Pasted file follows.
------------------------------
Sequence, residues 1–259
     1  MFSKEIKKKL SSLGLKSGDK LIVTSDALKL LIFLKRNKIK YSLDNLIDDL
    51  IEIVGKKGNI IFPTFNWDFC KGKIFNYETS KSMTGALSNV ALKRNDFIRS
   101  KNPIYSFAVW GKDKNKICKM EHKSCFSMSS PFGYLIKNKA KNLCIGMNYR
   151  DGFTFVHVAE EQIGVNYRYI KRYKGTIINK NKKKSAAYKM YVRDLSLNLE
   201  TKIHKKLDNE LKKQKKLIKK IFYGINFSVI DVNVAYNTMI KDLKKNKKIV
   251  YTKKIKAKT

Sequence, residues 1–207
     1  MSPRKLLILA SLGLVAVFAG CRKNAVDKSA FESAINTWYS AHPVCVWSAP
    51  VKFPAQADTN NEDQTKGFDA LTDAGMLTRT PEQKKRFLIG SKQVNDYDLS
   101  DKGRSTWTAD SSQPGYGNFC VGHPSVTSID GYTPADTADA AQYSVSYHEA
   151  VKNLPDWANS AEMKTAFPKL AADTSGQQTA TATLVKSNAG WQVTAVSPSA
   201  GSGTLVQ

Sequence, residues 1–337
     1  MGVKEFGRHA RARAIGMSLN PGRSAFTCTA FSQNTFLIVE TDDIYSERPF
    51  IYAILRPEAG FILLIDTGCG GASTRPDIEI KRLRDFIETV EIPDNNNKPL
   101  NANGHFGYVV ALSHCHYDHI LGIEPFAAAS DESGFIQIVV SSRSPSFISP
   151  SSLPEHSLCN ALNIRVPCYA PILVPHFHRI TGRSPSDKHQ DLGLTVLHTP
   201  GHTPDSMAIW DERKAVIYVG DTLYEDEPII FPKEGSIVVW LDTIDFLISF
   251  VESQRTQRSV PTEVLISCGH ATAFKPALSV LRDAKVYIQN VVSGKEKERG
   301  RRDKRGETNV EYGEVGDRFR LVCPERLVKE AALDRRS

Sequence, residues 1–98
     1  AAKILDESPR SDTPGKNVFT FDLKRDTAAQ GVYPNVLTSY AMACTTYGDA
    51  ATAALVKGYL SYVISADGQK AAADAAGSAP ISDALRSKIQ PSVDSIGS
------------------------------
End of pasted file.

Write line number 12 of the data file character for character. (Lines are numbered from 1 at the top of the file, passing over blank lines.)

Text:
   151  VKNLPDWANS AEMKTAFPKL AADTSGQQTA TATLVKSNAG WQVTAVSPSA